You’re killing me. The economy hasn’t relied on slavery for over 150 years. But that hasn’t stopped your b-wording about the economy.

    Any chance to grandstand for socialism, you’ll take it. The abolitionists favored capitalism, dude. Free labor, free soil, free men. Nothing collective about that.

    Like

  9. D.G.,
    You don’t think that our economic system partially relies on slavery? Is that because you are not aware of the slavery that still exists here let alone in other nations where we get some of our food from?

    And is slavery the only way workers can be exploited?

    And actually, Lincoln referred to how workers were paid in factories as wage-slavery.

    Like

  10. PAHstin,
    Who cares who I sound like. I’ll ask you the same questions I asked D.G.:


    You don’t think that our economic system partially relies on slavery? Is that because you are not aware of the slavery that still exists here let alone in other nations where we get some of our food from?

    And is slavery the only way workers can be exploited?

    BTW, make sure you don’t sound like Fitzhugh when you answer.

    Like

  11. Curt, I’m not sure that your questions are relevant to this post. Is there another platform for us to discuss this topic?

    (I just don’t want to get into a capitalism v. Socialism fight on Old Life).

    Like

  12. D.G.,
    Actually, ‘partially relies.’ And so what if 1863 happened. That implies nothing regarding what Lincoln referred to when he mentioned ‘wage slavery.’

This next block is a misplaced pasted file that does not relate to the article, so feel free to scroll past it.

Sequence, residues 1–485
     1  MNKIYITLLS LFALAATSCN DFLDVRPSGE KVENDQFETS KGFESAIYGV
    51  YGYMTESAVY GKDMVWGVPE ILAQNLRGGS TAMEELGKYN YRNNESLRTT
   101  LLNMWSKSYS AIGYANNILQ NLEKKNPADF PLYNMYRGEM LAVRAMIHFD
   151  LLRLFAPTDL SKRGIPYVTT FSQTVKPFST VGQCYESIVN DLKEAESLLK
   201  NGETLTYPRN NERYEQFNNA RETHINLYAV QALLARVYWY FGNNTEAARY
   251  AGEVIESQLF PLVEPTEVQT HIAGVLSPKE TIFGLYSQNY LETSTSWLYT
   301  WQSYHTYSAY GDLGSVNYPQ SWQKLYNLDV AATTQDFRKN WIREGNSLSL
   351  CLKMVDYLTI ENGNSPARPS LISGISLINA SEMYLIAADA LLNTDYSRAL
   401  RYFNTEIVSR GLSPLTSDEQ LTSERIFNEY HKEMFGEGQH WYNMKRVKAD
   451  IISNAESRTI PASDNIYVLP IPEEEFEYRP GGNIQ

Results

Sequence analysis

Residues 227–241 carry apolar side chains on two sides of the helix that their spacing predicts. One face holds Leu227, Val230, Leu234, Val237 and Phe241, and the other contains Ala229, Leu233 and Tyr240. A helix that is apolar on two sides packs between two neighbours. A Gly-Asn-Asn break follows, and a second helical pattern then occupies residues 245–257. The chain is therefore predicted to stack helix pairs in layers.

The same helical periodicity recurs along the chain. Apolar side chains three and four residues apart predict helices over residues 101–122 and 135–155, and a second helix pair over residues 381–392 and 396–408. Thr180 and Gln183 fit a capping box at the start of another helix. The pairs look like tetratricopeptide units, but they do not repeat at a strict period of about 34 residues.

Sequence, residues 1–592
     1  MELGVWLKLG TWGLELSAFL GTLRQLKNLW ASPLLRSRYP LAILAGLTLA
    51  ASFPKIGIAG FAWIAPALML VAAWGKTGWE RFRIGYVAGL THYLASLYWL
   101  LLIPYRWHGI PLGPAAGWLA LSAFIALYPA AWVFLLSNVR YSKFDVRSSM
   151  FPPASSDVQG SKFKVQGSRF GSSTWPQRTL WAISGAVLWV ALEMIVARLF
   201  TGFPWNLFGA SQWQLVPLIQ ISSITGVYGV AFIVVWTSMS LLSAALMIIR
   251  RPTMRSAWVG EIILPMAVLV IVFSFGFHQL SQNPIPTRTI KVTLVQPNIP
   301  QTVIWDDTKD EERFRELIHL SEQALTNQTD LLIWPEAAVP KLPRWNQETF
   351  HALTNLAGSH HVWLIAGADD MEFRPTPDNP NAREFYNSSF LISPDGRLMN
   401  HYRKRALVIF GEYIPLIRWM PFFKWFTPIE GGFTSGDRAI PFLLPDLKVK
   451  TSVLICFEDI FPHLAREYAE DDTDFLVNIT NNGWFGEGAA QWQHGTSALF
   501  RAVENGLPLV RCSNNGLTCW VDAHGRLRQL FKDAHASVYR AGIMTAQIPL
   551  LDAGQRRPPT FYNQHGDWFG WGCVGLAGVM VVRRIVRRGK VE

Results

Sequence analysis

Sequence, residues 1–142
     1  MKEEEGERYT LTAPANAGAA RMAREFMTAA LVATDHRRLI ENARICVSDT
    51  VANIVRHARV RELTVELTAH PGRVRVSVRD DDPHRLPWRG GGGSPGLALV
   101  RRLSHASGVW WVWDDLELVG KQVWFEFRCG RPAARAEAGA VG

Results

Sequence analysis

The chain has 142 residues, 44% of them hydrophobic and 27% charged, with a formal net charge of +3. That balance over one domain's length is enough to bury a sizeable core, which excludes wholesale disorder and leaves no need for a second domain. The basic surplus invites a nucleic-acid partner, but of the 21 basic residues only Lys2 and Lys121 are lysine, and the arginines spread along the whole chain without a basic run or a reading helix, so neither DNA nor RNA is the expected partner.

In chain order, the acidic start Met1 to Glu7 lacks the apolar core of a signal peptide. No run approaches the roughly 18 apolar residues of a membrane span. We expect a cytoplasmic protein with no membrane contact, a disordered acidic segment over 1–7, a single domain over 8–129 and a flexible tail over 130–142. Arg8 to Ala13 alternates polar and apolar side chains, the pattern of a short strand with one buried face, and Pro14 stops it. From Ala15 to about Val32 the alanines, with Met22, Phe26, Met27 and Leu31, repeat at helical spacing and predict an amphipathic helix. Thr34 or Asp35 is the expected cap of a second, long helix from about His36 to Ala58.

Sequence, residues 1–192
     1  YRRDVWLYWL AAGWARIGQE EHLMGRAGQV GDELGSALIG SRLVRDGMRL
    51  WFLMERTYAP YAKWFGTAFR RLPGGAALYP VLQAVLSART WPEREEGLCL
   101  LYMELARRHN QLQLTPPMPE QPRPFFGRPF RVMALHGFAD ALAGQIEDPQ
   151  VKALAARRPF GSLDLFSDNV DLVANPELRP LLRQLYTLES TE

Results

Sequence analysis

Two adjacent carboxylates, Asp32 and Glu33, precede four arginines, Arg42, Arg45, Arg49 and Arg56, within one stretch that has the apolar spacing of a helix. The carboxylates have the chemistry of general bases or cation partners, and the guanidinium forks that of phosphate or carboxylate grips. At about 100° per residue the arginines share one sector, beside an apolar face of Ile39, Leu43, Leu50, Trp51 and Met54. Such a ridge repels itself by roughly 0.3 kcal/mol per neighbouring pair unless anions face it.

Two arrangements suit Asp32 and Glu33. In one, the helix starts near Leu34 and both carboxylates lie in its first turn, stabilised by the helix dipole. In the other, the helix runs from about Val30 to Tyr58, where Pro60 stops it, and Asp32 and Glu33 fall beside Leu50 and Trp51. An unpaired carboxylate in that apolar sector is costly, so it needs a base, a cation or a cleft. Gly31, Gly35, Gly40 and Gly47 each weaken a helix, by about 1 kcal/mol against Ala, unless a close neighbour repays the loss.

Like

  13. PAHstin,
    The question implies no debate about Socialism vs Capitalism. The question is about whether a certain fact occurs within our economic system. And the only subject that follows the fact being true is what can we do to change things so that such does not occur in our system.

    Like

  14. Curt, I’m not an expert on the subject, but I believe that the vast majority of slaves in America today are tied up in the sex industry somehow. So maybe the best way to end slavery in the U.S. would be to better enforce the laws in place? Your point on slavery overseas is much stronger. I can go into any given store in America, and that product may have, in part, been created through slave labor. All we can do here is try to be better consumers and let our elected officials know that we do not approve of slave labor overseas.

    A better question for Dr. Hart, I know of churches (think evangelical megachurches) here in America that advocate for ending modern day slavery. What would you say are the dangers with that (if there are any)?

    And yes Curt… implying that workers who voluntarily take a wage are somehow slaves will force us to engage in a capitalism vs. socialism debate.

    Like

Leave a Reply

Fill in your details below or click an icon to log in:

WordPress.com Logo

You are commenting using your WordPress.com account. Log Out / Change )

Twitter picture

You are commenting using your Twitter account. Log Out / Change )

Facebook photo

You are commenting using your Facebook account. Log Out / Change )

Google+ photo

You are commenting using your Google+ account. Log Out / Change )

Connecting to %s